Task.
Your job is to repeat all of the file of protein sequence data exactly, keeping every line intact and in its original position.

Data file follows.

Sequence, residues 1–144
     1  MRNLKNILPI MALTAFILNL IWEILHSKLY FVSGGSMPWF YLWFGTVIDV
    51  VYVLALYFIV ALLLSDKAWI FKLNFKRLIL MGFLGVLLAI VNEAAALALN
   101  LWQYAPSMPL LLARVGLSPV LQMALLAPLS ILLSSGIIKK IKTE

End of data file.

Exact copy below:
Sequence, residues 1–144
     1  MRNLKNILPI MALTAFILNL IWEILHSKLY FVSGGSMPWF YLWFGTVIDV
    51  VYVLALYFIV ALLLSDKAWI FKLNFKRLIL MGFLGVLLAI VNEAAALALN
   101  LWQYAPSMPL LLARVGLSPV LQMALLAPLS ILLSSGIIKK IKTE